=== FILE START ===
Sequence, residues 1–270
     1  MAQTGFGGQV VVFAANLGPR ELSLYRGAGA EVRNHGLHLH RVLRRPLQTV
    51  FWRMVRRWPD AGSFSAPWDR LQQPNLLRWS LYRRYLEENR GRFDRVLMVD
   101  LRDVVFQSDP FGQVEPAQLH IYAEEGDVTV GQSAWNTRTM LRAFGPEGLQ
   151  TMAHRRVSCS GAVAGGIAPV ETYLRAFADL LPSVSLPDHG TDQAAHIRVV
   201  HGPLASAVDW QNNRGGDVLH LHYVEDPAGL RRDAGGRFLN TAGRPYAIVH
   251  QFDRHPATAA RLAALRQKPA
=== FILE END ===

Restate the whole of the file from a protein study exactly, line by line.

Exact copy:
Sequence, residues 1–270
     1  MAQTGFGGQV VVFAANLGPR ELSLYRGAGA EVRNHGLHLH RVLRRPLQTV
    51  FWRMVRRWPD AGSFSAPWDR LQQPNLLRWS LYRRYLEENR GRFDRVLMVD
   101  LRDVVFQSDP FGQVEPAQLH IYAEEGDVTV GQSAWNTRTM LRAFGPEGLQ
   151  TMAHRRVSCS GAVAGGIAPV ETYLRAFADL LPSVSLPDHG TDQAAHIRVV
   201  HGPLASAVDW QNNRGGDVLH LHYVEDPAGL RRDAGGRFLN TAGRPYAIVH
   251  QFDRHPATAA RLAALRQKPA